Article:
When I was a child I once wandered into a police station, up to the counter, and peered over.

I was about 14.

I was tall enough that my eyes were above the counter top. But my nose wasn’t.

A policewoman looked down at me and raised an eyebrow. Her hands were in her pockets.

I’d been waiting outside for an hour or so.

I’d never been in a police station. And this was before ‘The Bill’ so I didn’t really know what to expect.

I’d only seen ‘The Sweeney’.


I said.

Can I report something that hasn’t happened yet?

I asked.

I mean; I’m pretty sure that something bad is going to happen but it hasn’t happened yet.

The policewoman asked me to explain.

My stepdad beats my mum up a lot.

I said.

I think that one night he’ll kill her. I hear them most nights. The crying and the bumping about downstairs. Choking sometimes. I stand on the landing. Listening.

This went on for a bit and it felt good to say the words.

But the world wasn’t ready for this conversation.

It wasn’t that the policewoman seemed too busy. She just didn’t know what to do with me. Without speaking to my mum. And I didn’t want that. It might make things worse.

So whilst the policewoman was mildly sympathetic she, albeit politely I seem to remember, offered nothing.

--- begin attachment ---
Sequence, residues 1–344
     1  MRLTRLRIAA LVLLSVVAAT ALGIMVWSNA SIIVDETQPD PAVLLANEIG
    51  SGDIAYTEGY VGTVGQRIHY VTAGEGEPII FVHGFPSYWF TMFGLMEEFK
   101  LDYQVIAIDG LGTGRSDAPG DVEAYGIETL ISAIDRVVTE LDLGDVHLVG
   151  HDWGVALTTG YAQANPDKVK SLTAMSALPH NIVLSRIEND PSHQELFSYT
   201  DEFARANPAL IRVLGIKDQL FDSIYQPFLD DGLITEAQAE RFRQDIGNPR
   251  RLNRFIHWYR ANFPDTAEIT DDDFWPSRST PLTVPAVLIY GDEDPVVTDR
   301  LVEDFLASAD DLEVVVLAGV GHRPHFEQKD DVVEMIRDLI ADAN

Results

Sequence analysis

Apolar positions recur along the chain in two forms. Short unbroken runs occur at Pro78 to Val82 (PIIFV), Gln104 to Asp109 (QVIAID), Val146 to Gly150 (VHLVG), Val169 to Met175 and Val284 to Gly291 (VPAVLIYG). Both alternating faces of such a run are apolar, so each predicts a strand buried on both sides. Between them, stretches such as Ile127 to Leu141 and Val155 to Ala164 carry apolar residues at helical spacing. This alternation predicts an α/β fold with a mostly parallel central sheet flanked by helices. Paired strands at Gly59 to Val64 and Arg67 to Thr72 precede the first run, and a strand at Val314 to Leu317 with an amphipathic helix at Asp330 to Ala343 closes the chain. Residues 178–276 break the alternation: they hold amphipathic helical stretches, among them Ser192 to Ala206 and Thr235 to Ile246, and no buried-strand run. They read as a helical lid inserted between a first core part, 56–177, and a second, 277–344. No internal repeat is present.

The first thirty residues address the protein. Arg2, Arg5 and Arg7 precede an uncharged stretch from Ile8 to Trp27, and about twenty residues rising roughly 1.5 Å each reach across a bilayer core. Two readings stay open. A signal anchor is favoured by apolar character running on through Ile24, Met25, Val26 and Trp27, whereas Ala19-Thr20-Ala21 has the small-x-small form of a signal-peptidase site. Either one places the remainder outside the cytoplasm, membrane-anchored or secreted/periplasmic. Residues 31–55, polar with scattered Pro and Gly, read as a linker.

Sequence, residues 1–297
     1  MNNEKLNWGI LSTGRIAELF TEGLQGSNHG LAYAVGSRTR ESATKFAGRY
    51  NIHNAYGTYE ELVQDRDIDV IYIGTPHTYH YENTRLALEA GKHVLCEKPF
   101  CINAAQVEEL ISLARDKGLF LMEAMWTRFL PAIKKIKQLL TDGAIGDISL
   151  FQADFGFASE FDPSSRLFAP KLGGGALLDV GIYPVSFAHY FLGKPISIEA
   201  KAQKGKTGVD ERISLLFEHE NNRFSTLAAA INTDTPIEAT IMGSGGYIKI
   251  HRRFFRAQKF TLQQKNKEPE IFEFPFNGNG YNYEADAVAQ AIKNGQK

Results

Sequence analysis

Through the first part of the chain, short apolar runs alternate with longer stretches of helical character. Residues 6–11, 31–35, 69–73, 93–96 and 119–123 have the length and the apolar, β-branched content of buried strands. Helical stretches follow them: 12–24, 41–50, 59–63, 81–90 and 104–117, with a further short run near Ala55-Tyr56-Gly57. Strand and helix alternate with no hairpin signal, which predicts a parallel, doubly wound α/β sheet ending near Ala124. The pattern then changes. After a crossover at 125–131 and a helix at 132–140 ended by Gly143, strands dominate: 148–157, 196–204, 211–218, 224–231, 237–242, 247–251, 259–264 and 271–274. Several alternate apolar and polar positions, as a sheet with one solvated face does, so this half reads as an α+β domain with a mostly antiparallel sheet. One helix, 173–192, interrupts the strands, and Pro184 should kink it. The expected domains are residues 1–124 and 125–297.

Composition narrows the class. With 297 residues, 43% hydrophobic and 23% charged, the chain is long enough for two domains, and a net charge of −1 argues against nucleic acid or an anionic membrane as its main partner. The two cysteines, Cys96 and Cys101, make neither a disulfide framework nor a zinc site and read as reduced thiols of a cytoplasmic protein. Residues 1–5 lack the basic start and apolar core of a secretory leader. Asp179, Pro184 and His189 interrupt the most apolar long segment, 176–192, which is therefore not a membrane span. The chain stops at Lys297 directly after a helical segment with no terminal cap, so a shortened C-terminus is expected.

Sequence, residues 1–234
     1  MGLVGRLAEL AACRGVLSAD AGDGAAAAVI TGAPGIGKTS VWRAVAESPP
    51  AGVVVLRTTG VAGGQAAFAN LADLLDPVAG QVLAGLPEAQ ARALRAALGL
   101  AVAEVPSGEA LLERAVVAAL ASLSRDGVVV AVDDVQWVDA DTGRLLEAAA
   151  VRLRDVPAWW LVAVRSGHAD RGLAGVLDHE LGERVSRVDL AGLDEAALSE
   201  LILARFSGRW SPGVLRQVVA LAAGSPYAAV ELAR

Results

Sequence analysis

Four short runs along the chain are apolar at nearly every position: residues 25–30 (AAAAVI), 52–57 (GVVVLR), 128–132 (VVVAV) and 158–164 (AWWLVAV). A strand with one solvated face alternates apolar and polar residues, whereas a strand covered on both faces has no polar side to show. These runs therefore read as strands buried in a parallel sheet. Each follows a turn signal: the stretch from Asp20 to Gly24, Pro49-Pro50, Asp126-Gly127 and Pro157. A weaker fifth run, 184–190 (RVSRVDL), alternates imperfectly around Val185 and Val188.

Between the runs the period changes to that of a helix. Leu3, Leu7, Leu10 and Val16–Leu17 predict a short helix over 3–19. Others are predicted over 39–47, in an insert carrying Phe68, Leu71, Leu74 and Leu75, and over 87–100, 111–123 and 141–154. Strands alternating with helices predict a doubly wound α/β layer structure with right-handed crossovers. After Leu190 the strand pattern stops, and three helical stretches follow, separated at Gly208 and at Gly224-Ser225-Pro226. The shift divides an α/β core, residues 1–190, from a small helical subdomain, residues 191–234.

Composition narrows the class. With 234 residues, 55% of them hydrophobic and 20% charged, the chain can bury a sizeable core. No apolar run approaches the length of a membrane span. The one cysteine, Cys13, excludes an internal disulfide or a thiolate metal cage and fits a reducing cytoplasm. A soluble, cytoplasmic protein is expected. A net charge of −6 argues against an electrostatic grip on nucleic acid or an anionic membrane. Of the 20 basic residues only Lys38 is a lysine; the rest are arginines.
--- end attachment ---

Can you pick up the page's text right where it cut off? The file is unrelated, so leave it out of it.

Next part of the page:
There are loads of causes I care about.

In 2006 I set up an alliance inside one of my little businesses with Childline.

Every time a client renewed their website hosting, we’d donate £8, or two phone calls, to Childline.

It was easy, fast, was a personal thing for me, and paid for a few hundreds of phone calls.

All good.

As my current business Always Wear Red develops I will link it to something I care about. Once we start to make money.

I am not sure what yet.

But what I do know is that I’ll do it quietly.

I’ll whisper.

Just enough bluster so people understand and can get involved if they want.

But it won’t headline our brand communications.

I don’t really like brands that (for example) paint their stores in colourful stripes for one week a year. It feels too commercial to me. Gay people are marginalised and misunderstood by stupid people every week. Not just this one week.

So yes.

When I do it again.

I’ll whisper.


  1. Declare enough to get someones attention, then let them deduce the rest.

    When I used to do a lot of automotive work the cheaper and more generic the car, the more sharply shiny and sparkly I would make it. Rare, expensive, beautifully handcrafted cars became more matt and silky. If it was something really outrageous or special, I’d just waft enough light to give a hint of what was there.

    Whispers speak volumes when the subject matter is interesting.

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